SPRINGFIELD – National Mammography Day is Oct. 15 and state agencies are using the observance to remind women to schedule their mammograms. According to the Centers for Disease Control and Prevention (CDC), about 41,000 women and 450 men in the United States die each year from breast cancer. Early detection can help save lives. Mammography remains the most effective means to detect cancer in its earliest stages.

Except for skin cancers, breast cancer is the most common form of cancer in women. The Illinois Department of Public Health (IDPH) administers the Illinois Breast and Cervical Cancer Program (IBCCP) which offers free mammograms, breast exams, pelvic exams, and Pap tests to eligible women. Even if a woman has already been diagnosed with cancer, she may receive free treatment if she qualifies. Since 1995, IBCCP has provided more than 800,000 mammograms, breast and pelvic exams, Pap tests, or other breast and cervical cancer services to more than 340,000 women in Illinois.

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“An estimated 1,840 women in Illinois will die of breast cancer this year,” said IDPH Director Dr. Ngozi Ezike. “We can decrease that number by urging women to get routine breast cancer screenings. If detected while still in its earlier stages, breast cancer can be successfully treated. Mammography is still the most effective screening for early detection, which can provide women with better treatment options and results.”

The Illinois Emergency Management Agency (IEMA) inspects and certifies nearly 360 mammography machines in Illinois each year to ensure equipment is operating properly and is capable of providing high-quality mammograms to detect breast cancer. The agency also reviews quality assurance records to ensure equipment is operating properly and that patients are receiving accurate scans.

“Early detection of breast cancer is critical for saving lives,” said IEMA Director Alicia Tate-Nadeau. “We conduct thorough annual inspections of mammography equipment and a facility’s operating procedures to ensure it is operating properly to produce the best image possible.”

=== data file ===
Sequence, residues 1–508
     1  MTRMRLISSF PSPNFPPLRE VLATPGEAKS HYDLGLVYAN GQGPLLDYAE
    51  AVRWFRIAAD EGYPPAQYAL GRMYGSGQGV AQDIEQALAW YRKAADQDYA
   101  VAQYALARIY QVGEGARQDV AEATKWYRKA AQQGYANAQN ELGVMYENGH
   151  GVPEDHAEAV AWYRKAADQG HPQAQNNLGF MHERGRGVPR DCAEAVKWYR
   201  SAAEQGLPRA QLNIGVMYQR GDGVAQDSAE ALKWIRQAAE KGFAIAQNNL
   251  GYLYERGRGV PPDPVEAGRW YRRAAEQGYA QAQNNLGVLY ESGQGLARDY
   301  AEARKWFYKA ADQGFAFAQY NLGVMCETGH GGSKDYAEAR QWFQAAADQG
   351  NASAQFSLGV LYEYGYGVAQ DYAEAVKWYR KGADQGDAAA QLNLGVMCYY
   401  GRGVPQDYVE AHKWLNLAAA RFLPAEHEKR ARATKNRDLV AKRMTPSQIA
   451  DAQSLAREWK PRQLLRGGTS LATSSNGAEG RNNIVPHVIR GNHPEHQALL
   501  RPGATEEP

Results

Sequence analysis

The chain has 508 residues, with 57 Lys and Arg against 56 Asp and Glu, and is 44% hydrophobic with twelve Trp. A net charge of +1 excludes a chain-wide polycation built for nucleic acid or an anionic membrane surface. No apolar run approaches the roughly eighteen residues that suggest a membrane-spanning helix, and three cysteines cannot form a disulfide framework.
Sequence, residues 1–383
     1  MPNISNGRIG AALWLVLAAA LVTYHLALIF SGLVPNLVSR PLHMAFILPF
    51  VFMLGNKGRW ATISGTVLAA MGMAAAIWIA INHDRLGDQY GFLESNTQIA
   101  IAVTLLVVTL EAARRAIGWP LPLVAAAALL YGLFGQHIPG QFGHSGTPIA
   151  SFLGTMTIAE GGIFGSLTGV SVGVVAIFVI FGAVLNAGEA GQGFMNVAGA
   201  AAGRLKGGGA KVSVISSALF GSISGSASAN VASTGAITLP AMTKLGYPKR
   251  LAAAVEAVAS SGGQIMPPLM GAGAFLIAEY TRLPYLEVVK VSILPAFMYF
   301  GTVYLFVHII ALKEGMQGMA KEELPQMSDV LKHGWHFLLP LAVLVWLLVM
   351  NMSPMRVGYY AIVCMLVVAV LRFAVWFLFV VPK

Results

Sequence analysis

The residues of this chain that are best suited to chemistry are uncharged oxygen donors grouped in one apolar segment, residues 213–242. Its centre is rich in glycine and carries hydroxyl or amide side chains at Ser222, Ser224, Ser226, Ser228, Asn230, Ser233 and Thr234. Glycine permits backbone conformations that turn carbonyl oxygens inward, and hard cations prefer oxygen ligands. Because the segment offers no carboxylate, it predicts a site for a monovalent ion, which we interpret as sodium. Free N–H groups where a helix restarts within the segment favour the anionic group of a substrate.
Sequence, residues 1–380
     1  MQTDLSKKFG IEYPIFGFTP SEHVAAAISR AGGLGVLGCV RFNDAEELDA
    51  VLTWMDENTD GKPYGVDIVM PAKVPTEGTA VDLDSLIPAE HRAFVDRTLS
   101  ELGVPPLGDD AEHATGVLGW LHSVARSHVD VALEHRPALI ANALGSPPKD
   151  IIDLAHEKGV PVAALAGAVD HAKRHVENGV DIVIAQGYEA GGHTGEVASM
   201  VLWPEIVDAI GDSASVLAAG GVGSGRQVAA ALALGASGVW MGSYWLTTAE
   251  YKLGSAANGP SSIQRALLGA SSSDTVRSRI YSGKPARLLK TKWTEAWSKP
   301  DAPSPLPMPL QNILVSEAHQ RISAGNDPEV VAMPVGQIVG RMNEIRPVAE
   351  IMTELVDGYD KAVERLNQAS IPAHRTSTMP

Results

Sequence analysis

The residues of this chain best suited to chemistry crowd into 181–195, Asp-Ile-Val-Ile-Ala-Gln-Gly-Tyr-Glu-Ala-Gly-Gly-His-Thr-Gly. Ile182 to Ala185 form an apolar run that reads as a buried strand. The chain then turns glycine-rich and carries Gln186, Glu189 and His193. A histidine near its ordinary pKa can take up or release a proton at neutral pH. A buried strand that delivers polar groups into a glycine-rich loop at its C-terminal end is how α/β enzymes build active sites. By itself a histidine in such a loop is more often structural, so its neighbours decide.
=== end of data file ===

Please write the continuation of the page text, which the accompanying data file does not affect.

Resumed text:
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A mammogram is a special breast x-ray that can detect 90 percent of cancers, even before a lump can be felt. This high detection rate makes it an important tool, along with self-examinations and regular clinical examinations, in the early detection of breast cancer.

Illinois was one of the first states in the nation approved by the Food and Drug Administration (FDA) to inspect and certify mammography equipment under the Mammography Quality Standards Act (MQSA) State Certifying Agency Program.

IEMA has six state inspectors who personally inspect every mammography unit in the state each year.
Facilities are required to review clinical images for specific attributes that help ensure mammograms continue to be performed at the highest quality possible. Inspectors review this data annually as part of a facility’s annual inspection.

State law requires mammography facilities to provide patients with information about breast cancer detection and diagnosis. The informational brochure, Breast Cancer, Your Right to Know, is available on IEMA’s website (www.iema.illinois.gov) for use by facilities and patients. The brochure is available in both English and Spanish.

To learn more about the IDPH Breast and Cervical Cancer Program, call the Women’s Health-Line toll-free at 888-522-1282 (800-547-0466 TTY)

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